Is It In Us?

According to a study released last week by the Coalition for a Safe and Healthy Connecticut, the answer is a resounding yes.

Toxic chemicals were found in the bloodstreams of all 35 participants in a biomonitoring research study organized by a coalition of environmental and public-health organizations across the nation.

The study, titled “Is It In Us?”, included volunteers from seven states and tested for three types of industrial chemicals. The three substances — pthalates, bisphenol A and PBDEs — are commonly found in products such as shower curtains, tin cans, baby bottles, water bottles, shampoo, hairspray, couch cushions and computers, according to the report. These chemicals have been known to cause birth defects, mental retardation, cancer and other health problems.

“It is really a crisis, but one that people aren’t really talking about,” Sarah Uhl, environmental health coordinator for Clean Water Action — a national non-profit working to reduce water and air pollution — said. “This is an issue where the federal government has left a gaping loophole in toxic chemical regulation.”

Uhl, who helped organize the study, said while the results were not surprising considering prior data from the Centers for Disease Control, the study is a chance to increase public awareness, support the push for safer alternatives and encourage people to make lifestyle change that will encourage people to pay more attention to the plastic products they use.

The study participants were drawn from a network of health coalitions, including CWA. Participants included several state legislators, including Connecticut, as well as school nurses, mothers and a middle school student.

“One of our goals was to bring a human face to the issue,” Uhl said. “We wanted to cultivate spokespeople who can speak from the heart, having been through the experience of being tested.”

Connecticut State Senator Toni Harp, who represents New Haven and West Haven took part in the study, said the results made her more aware of her own use of everyday products — especially plastics.

Like Uhl, Harp said there is a need for greater regulation on the federal, state or local levels.

“States should at least require that these additives that are in many of our products be listed, so that we’ll know when we are interacting with the kinds of substances that can cause us harm,” Harp said.

Other study participants said they agree that the study is an eye-opener.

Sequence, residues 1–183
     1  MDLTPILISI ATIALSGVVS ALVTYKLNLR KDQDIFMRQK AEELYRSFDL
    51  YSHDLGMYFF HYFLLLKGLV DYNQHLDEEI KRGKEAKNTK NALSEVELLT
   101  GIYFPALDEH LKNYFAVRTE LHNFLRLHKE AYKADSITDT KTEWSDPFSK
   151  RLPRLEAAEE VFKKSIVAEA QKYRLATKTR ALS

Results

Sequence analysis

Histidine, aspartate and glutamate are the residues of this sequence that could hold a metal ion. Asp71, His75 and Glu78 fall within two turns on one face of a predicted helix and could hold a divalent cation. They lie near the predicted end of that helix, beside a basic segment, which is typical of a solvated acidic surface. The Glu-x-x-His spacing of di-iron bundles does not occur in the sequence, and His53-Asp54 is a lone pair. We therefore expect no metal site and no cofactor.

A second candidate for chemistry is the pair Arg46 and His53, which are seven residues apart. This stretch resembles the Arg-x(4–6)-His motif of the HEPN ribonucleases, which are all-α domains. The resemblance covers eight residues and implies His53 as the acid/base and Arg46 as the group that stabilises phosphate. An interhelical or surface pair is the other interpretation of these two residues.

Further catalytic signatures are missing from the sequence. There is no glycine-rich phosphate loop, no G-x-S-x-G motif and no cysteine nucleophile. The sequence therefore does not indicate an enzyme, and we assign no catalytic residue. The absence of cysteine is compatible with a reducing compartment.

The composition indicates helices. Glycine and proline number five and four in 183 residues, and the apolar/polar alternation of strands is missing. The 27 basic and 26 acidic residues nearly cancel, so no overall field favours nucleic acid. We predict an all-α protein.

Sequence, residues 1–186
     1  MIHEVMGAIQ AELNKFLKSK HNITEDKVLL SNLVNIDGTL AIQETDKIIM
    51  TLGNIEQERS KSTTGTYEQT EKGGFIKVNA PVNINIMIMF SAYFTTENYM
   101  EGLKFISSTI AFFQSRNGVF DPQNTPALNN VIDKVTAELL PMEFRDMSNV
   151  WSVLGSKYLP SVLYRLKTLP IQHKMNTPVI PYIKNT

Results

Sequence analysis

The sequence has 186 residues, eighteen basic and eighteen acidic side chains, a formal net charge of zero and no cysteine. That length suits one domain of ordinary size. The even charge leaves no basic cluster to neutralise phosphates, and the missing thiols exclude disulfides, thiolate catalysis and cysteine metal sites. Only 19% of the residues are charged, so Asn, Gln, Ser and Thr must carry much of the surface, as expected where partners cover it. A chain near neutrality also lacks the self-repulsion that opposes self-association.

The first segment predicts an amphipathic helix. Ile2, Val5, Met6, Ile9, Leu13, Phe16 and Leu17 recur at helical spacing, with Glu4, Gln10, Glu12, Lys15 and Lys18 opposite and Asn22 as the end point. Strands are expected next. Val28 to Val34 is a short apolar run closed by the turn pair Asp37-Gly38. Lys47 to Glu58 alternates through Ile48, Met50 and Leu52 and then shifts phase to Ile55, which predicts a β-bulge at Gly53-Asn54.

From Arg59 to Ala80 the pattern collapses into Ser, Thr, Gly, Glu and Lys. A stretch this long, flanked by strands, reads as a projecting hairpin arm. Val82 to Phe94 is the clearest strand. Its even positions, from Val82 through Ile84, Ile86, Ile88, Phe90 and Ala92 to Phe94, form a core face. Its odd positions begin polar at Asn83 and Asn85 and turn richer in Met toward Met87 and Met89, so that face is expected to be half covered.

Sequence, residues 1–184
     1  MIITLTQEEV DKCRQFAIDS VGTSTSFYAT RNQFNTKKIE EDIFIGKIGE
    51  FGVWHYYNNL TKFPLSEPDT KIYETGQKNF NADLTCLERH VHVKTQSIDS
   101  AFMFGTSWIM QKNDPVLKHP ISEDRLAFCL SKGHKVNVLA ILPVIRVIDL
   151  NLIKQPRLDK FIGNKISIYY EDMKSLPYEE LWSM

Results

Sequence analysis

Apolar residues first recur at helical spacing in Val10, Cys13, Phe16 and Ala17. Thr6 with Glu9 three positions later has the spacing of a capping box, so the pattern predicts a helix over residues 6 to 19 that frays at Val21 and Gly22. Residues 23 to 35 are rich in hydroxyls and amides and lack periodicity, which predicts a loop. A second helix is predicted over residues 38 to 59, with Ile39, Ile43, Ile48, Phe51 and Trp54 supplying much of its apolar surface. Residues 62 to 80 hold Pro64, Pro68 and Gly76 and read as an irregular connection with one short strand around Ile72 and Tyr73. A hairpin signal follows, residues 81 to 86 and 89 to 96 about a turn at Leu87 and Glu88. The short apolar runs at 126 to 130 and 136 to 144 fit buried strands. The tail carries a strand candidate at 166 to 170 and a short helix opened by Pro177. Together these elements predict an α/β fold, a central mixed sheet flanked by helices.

Volunteer Laura Anderson, a mother of two living in Connecticut, said she has started paying more attention to the cosmetics and food containers that she uses since learning of the study’s results. Several other participants said they now eschew plastic, foam and metal in favor of glass containers.

“I thought I would only have a small amount,” Anderson said. “I live a healthy lifestyle, and it was a little surprising. Now, when I go to the grocery store, I think about what I’m buying.”

While the results of the study were “horrifying” for some, many participants interviewed said the new knowledge gained from the findings gives them extra power and responsibility.

Ethan Berkowitz, a former member of the Alaska state legislature, said responsibility for controlling the toxins rests with individual manufacturers and the government. If the manufacturers are aware of the toxic chemicals in their products, they can resort to either litigation or regulation, he said.

“When you know, you can take action,” Berkowitz said. “Given a choice between litigation and regulation, I hope [producers] choose regulation because it’s a more comprehensive solution.”

Advocates are trying to move beyond a piecemeal approach to banning toxins through litigation and specific policy, Uhl said. Instead, they are focusing on implementing broader regulations and searching for safe alternatives, following a plan similar to the European Union’s Registration, Evaluation and Authorization of Chemicals (REACH) regulations.

Most participants said they agree that while the results of the study were sobering, being aware of the prevalence of the chemicals allows them to change their behavior.

“The study alerted me to the health problems we have in our communities,” Alaska native Diane Benson said. “It raised concerns about how we regulate industries so that we can lessen the impact.”

The study was conducted only in Connecticut, Alaska, New York, Massachusetts, Michigan, Minnesota and Illinois and tested for only three chemicals, but Uhl said there are no immediate plans for expanded testing because of the enormous resources the research requires.